Bookmark and Share

Notice: On March 31, it was announced that Statalist is moving from an email list to a forum. The old list will shut down at the end of May, and its replacement, statalist.org is already up and running.


[Date Prev][Date Next][Thread Prev][Thread Next][Date Index][Thread Index]

Re: st: Normally distributed error term & testing normality of residuals


From   "Seed, Paul" <paul.seed@kcl.ac.uk>
To   "statalist@hsphsun2.harvard.edu" <statalist@hsphsun2.harvard.edu>
Subject   Re: st: Normally distributed error term & testing normality of residuals
Date   Mon, 15 Oct 2012 16:56:16 +0000

I regularly use -qnorm- for this purpose when dealing with 
biomarkers in concentrations that are too small to detect.

The trick is to know which deviations from the diagonal are due to censoring (and ignorable)
and which to non-normality.

With uncensored data, I expect to see a straight diagonal line of points, matching the 
reference line (if the distribution is normal), or a curve away from the reference line (if it is not).  
With censored data, I expect to see much the same thing in either case, except for a horizontal section 
corresponding to the censored values.

Other plots (-qladder-, -qqreg-, -ppreg-) may also help, but I prefer to know one plot well than 
several badly.

I might add that I generally work on the raw data, not the residuals, as it is easier to 
understand the qnorm plot and the transformation needed; and I'm not interested in testing the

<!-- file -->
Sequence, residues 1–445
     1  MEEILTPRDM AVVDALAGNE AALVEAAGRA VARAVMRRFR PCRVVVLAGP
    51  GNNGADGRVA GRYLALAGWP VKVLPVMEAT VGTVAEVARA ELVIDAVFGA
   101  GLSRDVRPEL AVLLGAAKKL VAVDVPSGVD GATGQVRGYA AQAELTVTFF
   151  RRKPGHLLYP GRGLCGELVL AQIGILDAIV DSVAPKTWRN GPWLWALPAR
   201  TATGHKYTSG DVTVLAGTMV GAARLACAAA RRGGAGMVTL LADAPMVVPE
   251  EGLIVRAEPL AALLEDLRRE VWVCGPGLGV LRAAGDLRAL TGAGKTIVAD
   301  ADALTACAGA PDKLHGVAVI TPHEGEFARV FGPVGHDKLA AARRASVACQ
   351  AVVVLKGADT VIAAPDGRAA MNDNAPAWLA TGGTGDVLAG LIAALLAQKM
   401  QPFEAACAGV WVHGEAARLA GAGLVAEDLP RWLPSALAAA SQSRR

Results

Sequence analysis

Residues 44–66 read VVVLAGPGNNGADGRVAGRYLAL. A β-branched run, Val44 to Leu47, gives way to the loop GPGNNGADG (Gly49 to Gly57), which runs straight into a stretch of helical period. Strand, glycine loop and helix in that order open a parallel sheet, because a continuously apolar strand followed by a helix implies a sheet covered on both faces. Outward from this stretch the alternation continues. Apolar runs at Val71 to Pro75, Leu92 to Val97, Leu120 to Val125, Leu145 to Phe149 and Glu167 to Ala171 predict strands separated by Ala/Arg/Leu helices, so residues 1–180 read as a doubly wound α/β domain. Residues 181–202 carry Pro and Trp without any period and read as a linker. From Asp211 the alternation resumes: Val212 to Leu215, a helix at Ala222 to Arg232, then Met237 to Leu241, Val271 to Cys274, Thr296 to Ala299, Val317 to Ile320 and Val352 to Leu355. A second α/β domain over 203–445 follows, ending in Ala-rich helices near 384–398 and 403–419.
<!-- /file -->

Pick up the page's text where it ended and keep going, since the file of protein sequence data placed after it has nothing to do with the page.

residuals formally. 

BW

Paul Seed

On Sun, Oct 14, 2012 at 9:54 AM, Ebru Ozturk <ebru_0512@hotmail.com> wrote:
> Thank you. So, there is no possibility to check heteroscedasticity graphically?
>
> Ebru
>
> ----------------------------------------
>> Date: Sat, 13 Oct 2012 18:25:14 -0400
>> Subject: Re: st: Normally distributed error term & testing normality of residuals
>> From: jvverkuilen@gmail.com
>> To: statalist@hsphsun2.harvard.edu
>>
>> On Sat, Oct 13, 2012 at 1:39 PM, Ebru Ozturk <ebru_0512@hotmail.com> wrote:
>> > With default do you mean without robust standard error or something else?
>> >
>> Yes, the default is OIM.
>>
>>
>> > ----------------------------------------
>> >> Date: Sat, 13 Oct 2012 11:57:59 -0400
>> >> Subject: Re: st: Normally distributed error term & testing normality of residuals
>> >> From: jvverkuilen@gmail.com
>> >> To: statalist@hsphsun2.harvard.edu
>> >>
>> >> On Sat, Oct 13, 2012 at 11:41 AM, Ebru Ozturk <ebru_0512@hotmail.com> wrote:
>> >> > Thank you very much. One last question although it is slightly different from the main issue:
>> >> >
>> >> > In order to test heteroscedasticity assumption can I use scatter plots etc? or do I need to use a formal test like for testing normality issue?
>> >>
>> >> I think I'd probably use both, as the test just says "there appears to
>> >> be heteroscedasticity" but doesn't tell you much about what it might
>> >> be. One other quick and cheap diagnoser of heteroscedasticity is to
>> >> run with robust standard errors and with default. If they appear to
>> >> differ much, that's a sign you have a problem.
>> >> *
*
*   For searches and help try:
*   http://www.stata.com/help.cgi?search
*   http://www.stata.com/support/faqs/resources/statalist-faq/
*   http://www.ats.ucla.edu/stat/stata/



Paul T Seed, Senior Lecturer in Medical Statistics, 

Division of Women's Health, King's College London
Women's Health Academic Centre KHP
020 7188 3642, 
 paul.seed@kcl.ac.uk, 
http://www.kcl.ac.uk/medicine/research/divisions/wh/about/people/seedp.aspx

Please do not send unencrypted un-anonymised data to this address.



*
*   For searches and help try:
*   http://www.stata.com/help.cgi?search
*   http://www.stata.com/support/faqs/resources/statalist-faq/
*   http://www.ats.ucla.edu/stat/stata/


© Copyright 1996–2014 StataCorp LP   |   Terms of use   |   Privacy   |   Contact us   |   Site index